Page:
1. Come up with a list of priority skills and process those in the queue that match the list;
  2. Return applications not on the list and refund visa fees paid; and
  3. Retain other applications for future consideration.
The PNP is more adaptable to specific migration developments. A skilled worker or professional with skills considered in short supply may be sponsored by a Canadian province (e.g., Manitoba, British Columbia, Prince Edward Island). More provinces—Newfoundland and Labrador, Prince Edward Island, Nova Scotia, Saskatchewan—now also offer family-based migration, an option previously offered only by Manitoba.

New Zealand. The minimum requirement for residency is 100 points. You must express your intention to migrate and pay at least NZ$400 for online processing or $500 for paper-based application. A job offer will give you an additional 50 points. The pass mark for automatic selection for permanent residency is 140 points.

For work visas, New Zealand has one of the fastest processing times—only four to six weeks after getting a job offer and submitting your application with the New Zealand Embassy in Manila. The only disadvantage right now for Filipinos is the recently signed agreement between New Zealand and China that allows 1,800 Chinese workers to fill shortage occupations in New Zealand in return for export of NZ products to China. Chinese workers are now given preference over other foreign workers, including Filipinos. A new list, dated July 2008, contains the skills needed in New Zealand, both immediately and on the long term.

United Kingdom. The U.K. holds the highest standards (though not reflected in points) for skilled migrants or professionals. Its Highly Skilled Migrant Programme (HSMP)—along with the Work Permit categories—ended in November 2008 and has been replace with the 5-level (Tiers 1 to 5) migration points-based system.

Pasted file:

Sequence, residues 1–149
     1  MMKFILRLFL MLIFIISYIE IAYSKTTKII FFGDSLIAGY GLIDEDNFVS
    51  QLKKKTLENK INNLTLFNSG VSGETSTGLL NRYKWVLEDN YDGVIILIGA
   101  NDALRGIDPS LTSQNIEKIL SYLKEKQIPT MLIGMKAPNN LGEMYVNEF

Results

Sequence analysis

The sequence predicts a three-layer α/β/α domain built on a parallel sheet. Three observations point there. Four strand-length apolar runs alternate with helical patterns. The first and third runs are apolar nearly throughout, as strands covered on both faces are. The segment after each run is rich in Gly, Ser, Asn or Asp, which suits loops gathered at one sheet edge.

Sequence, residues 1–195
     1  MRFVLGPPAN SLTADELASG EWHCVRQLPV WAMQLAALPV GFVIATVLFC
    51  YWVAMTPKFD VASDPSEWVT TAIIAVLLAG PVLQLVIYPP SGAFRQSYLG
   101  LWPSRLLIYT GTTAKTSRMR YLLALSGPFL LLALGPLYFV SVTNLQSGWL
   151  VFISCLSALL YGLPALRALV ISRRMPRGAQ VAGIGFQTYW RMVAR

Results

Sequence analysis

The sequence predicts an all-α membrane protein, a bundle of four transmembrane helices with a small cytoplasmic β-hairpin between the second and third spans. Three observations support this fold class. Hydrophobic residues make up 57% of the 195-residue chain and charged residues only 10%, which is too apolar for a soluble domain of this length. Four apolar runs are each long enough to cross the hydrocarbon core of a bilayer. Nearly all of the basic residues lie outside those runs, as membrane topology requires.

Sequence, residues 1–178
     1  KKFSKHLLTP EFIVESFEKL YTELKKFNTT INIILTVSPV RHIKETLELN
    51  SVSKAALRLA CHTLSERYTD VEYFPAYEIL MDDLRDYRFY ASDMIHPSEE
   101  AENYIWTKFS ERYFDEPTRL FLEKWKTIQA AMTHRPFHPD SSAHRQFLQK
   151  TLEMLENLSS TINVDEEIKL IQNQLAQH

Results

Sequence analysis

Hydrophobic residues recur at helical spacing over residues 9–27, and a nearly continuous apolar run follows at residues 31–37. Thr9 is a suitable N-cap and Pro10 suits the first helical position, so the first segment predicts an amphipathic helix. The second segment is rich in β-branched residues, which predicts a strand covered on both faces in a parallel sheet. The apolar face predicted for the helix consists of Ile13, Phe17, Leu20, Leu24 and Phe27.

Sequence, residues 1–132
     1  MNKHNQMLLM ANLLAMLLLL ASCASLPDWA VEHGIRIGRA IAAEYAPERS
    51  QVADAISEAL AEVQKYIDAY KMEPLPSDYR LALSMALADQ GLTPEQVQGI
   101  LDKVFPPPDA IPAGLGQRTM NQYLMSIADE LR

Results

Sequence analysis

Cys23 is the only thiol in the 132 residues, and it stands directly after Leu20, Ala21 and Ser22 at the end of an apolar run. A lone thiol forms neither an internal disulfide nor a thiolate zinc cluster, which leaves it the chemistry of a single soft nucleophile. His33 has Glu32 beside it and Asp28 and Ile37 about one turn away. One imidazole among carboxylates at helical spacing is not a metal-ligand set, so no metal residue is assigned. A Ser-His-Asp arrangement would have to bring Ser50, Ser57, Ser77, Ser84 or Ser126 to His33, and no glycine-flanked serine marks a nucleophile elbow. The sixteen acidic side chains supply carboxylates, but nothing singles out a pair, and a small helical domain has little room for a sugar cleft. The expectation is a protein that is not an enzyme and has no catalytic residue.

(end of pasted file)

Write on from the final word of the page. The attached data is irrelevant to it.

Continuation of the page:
As in Australia, the UK’s pass mark is 75-95 points. Those aged 32 and above, however, will find it extremely difficult to qualify, especially if they cannot show annual earnings in the P1.4-million bracket.

The other tiers, especially Tier 2, are more feasible for skilled workers, especially those eligible for qualification, certificate, or diploma through the National Vocational Qualification (NVQ) program. NVQ offers a work-based paid study program attractive to nurses and allied health care workers. Five years of lawful residency will allow a Filipino to apply for long-term residency.

Important qualifications

Age. As a general rule, countries with permanent residency programs prefer young, skilled, and talented workers with more productive years to contribute to the system. The U.K. sets its age limit at 32, Australia at 44, Canada at 52, and New Zealand at 55.

Experience. Longer years in employment or self-employment are relevant. The longer the work experience, the higher the points.

Country Points
Australia 3 years’ experience in last four years = 10 points maximum
Canada 1 year = 15 pts
2 years = 17 pts
3 years = 19 pts
4 years = 21 pts
New Zealand 2 years = 10 pts
4 years = 15 pts
6 years = 20 pts
8 years = 25 pts
10 years = 30 pts


Education
  • In New Zealand, a bachelor’s degree gives you 50 points as long as your degree comes from an NZ-recognized school.
  • Australia prefers experience, requiring only one year of post-secondary education. However, for skilled workers, Trades Recognition Australia (TRA), the assessing authority, changed its rule and disallowed purely job-acquired experience. The skills assessment criteria emphasize both apprenticeship and formal training periods. To qualify for assessment by TRA, you must pay almost Aus$2,000 and take a practical or trade test.
Family ties
In Australia and Canada, the following relationships are qualified to sponsor residency applicants: spouse, child, parent, sibling, aunt or uncle, first cousin, grandparent.

In New Zealand, close family relatives include son or daughter, parent, grandparent, sibling. In certain cases, having a spouse or partner in New Zealand earns bonus points for the applicant.